I think the best part of reading this book for me so far has been the validation I have felt for my reading program. About 4 years ago I switched to a mainly choice based reading program and it's very encouraging to read about someone else doing a similar thing and it working. I am learning so many new ways to tweak my program and make it even stronger in the coming school year.
I am also VERY excited about the idea Donalyn presents for "stealing reading moments". The greatest frustration I faced this past year was dealing with students who finished their work in class and then having to redirect their focus. Previously I had only taught Grade 7 and 8 and my students never finished their work in class (whether I gave too much, they talked too much, or by then they had figured out not to tell the teacher they were done...who knows!). In Grade 4, students finish early a lot. I made a poster that gave them a list of options for work or activities to be done but students rarely worked on stuff and usually just asked me what they could do anyway. Frustration to the max!!!!! I was also frustrated with my student;s lack of focus in the morning when I had prepared "bell work" for them and was continually reminding them to get started. I want to send a huge thanks to Donalyn for this chapter. From now on my class will read when they arrive in the morning, read when there is a class interruption, read when they are done their work....read, read, read!!
Another goal for this coming school year is to create a place for reading. I know Donalyn discusses how you don't really need a special reading corner with comfy chairs, lamps, etc but I really like the idea of creating this space to value reading in my classroom. In previous year I taught Grade 7 and 8 and those students have big bodies which means there is very little space left for a reading corner. I also taught on rotary so students were constantly in and out of the room. Now that I teach Grade 4 I want to make a reading area for my room.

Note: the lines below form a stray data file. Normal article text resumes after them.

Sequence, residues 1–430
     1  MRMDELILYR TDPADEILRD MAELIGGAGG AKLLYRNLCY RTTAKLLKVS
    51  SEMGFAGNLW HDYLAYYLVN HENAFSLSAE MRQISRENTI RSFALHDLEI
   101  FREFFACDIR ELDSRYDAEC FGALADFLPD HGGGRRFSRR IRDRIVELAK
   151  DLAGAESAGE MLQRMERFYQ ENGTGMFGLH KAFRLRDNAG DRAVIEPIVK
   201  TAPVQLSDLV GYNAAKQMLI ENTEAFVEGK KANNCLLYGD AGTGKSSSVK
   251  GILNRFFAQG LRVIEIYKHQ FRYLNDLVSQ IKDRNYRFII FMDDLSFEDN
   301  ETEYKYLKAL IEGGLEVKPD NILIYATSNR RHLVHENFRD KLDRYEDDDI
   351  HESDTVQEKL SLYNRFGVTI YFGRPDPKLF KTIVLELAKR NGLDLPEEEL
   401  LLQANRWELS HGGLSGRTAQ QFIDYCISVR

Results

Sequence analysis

It's almost impossible not to get drawn into Donalyn's passion about reading and book as I make my way through The Book Whisperer. In the words of my favourite fictional character I feel as though I have found a "kindred spirit". This book makes me excited for the start of the school year and to get cracking at my reading program!
This chapter's linky party is being hosted by Heidi over at Swamp Frog First Graders. Please head over there to link up your post and share your ideas.
Here are the answers Donalyn emailed back to me as part of our Book Whisperer read along! She even had them done a day early because she was heading off on vacation...I hope she is having a wonderful, and well-deserved great time. Don't forget that we are going to have a second Q&A so if thought of a question since I closed the comments, or your question didn't get answered then you can always post it again.
My question for Donalyn is: I teach a first/second grade multiage class. In your book, you talk a lot about making time for independent reading and also students taking advantage of down time to read. This makes complete sense in sixth grade, since I'm sure many of them are reading novels, but how could I adapt this for first and second graders? I just imagine a thirty-minute independent reading time with students getting up and switching out books constantly. The only thing I can think of is to have them start with a huge pile of books on their desks... Do you have any other ideas of how I can incorporate many of your ideas into primary grades? Thanks! Jill
In a primary class, I think your idea about stacks of books on every table from which the children may choose makes good sense. You could have the children help you select the books for their tables every week and rotate piles among tables or select books that connect to the authors or topics you introduce in class. Consider adding your read alouds and books from guided reading into the piles, too.